The 2 hubs after machining.  The hub on the smaller pulley was made 2-thou larger than the hole in the larger pulley - hence one is pressed into the other - an interference fit.
Here they have been pressed together after coating the joint surfaces with Loctite.

While pressing them together, I made sure that the keyways lined up, by slipping a small piece of keystock & a 5/8" arbour into the centre.

I then had to machine down one side of the larger pulley by a small amount, allowing clearance for the drive belt not to chafe when on the smaller pulley.  Notice one side of the large pulley is thinner compared to the other.
To lock the pulleys I used 'Scotch keying'.  In the two recesses in the hub are #10 x 1" socket head machine screws.  They're positioned so that the central axis of each screw runs straight down the joint between the 2 pulleys (see arrows in top sketch), well away from the keyway.

It was returned to the lathe & trued up in both axes.  The shaft hole was bored 2-thou undersize for an interference fit on the motor shaft.  The keyway was filed to it's correct depth


Repairing Stripped Half-Nuts:

The half-nuts were stripped, I'd guess because the engaging lever had lost its detent & would not remain in the up (disengaged) position.  With the lever falling down of its own accord, the nuts must have been 'riding' the leadscrew much of the time.

Half-nuts seen together, as they would be when mounted behind the apron, wrapped around the leadscrew.  (Rotated 90-degrees though).

The 3/4" x 8 tpi ACME thread is so badly worn, it can no longer engage with the leadscrew.

The half-nuts separated.  One side is stripped bare of thread, the other side has about 20th of thread remaining.  Because the nut was originally made slightly off centre, it has worn this way & does not engage the leadscrew.
With the apron removed, working on an assumption that the worn area was central on the leadscrew, the first job was to super glue a piece of 3/4" OD pipe into the hole, this holds the nuts in position relative to each other when removed.  Next a bit of strong angle was machined square.  The half-nuts mounted to this with 4 small bolts.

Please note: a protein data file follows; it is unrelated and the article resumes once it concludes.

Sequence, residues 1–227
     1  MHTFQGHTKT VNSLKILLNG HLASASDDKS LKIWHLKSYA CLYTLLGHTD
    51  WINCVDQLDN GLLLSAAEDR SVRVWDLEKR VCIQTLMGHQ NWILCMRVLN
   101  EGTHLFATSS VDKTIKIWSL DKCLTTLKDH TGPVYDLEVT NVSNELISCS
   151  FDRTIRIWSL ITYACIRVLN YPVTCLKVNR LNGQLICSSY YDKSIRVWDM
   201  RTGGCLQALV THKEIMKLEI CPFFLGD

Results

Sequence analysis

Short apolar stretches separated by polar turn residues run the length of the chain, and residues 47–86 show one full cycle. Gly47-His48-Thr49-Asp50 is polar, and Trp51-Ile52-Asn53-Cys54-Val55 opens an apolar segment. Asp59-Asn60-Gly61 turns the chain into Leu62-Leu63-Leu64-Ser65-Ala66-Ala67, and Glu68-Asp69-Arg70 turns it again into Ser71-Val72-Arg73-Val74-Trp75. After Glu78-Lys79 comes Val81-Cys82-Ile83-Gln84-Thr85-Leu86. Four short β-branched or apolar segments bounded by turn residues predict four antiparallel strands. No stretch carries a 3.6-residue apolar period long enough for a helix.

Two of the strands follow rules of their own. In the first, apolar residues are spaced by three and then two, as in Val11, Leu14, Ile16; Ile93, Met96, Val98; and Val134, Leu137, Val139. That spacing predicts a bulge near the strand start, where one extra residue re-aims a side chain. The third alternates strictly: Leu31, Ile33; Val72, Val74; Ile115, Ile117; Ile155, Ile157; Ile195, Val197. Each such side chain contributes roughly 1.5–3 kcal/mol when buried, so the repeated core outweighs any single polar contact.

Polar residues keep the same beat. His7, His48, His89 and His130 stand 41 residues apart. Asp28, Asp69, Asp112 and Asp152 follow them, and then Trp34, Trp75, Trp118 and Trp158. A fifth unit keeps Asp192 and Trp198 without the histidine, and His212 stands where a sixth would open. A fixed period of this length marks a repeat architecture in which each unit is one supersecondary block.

Next, mounted on the faceplate, centred (using the pipe) and bored out to 1.000", ready for a replacement threaded sleeve.  A small area of the outside of the half-nuts was machined, for set-up purposes, in case I needed to return it to the faceplate later.  This formed a reference surface for the dial gauge or dial test indicator.

Shown here after machining.

The acme threading tool was made of silver steel, machined, ground & filed to shape.  Hardened & tempered.  Finally, honed with a carborundum stone.
An oversize piece of phosphor bronze was mounted, turned down to 5 to 10 thou under 1" (allows for braze to flow into the joint).  Parted off at 2" long.  Re-mounted, centred carefully, step drilled & bored to the required minor diameter.  Threads were cut (3/4" x 8tpi ACME), until reaching the major diameter.  This is the threaded sleeve finished.
The sleeve is brazed into the half-nuts, making it one complete & 'fused together' unit.

When the brazed unit is slit, a small gap will be left between the half nuts.  This way, as the nuts bed in, there is allowance made for the half-nuts to move closer together.  Otherwise 'slop' would develop in the thread.  I allowed 0.50mm = 20thou = 22% of the total thread depth.

Finally the half-nuts are separated using a thin saw blade & burrs removed.  At this stage it is ready to re-mount behind the apron, restoring the lathes' thread cutting ability - at least as far as the saddle is concerned.

Tailstock alterations/corrections:

When setting up a tailstock, manufacturers often make the tailstock 1 to 2 thou high, this allows for future wear - the tailstock needing to be re-fitted when it gets to greater than 2 to 5 thou low - this standard is what I aimed for.

At 1.5mm low, I can only assume there was originally some packing material in the tailstock, that's been lost before I acquired this lathe.

The tailstock base & body needed machining to correct the centre's being 1.5mm low & contacting surfaces being worn.  The base-to-body contact surfaces were milled flat & even, on the mill-drill.  The right amount taken off to allow placement of 1.6mm gauge plate between them.  The centre is now just a couple of thou high (as it should have been when manufactured).

The gauge plate is clamped to the base & holes drilled through the plate, into the base, to suit the locating pin's diameter.  These pins are de-burred.  The pins are inserted into the base using Loctite to retain them.

A scrap of similar gauge plate is drilled, placed over the pin (once the Loctite is set) as a guide.  The top of the pin is lightly ground or filed down to the 1.6mm height.  The guide plate's removed, the pin then has a few extra thou filed off the top for clearance & de-burred.  The tailstock, assembled, is now ready to use.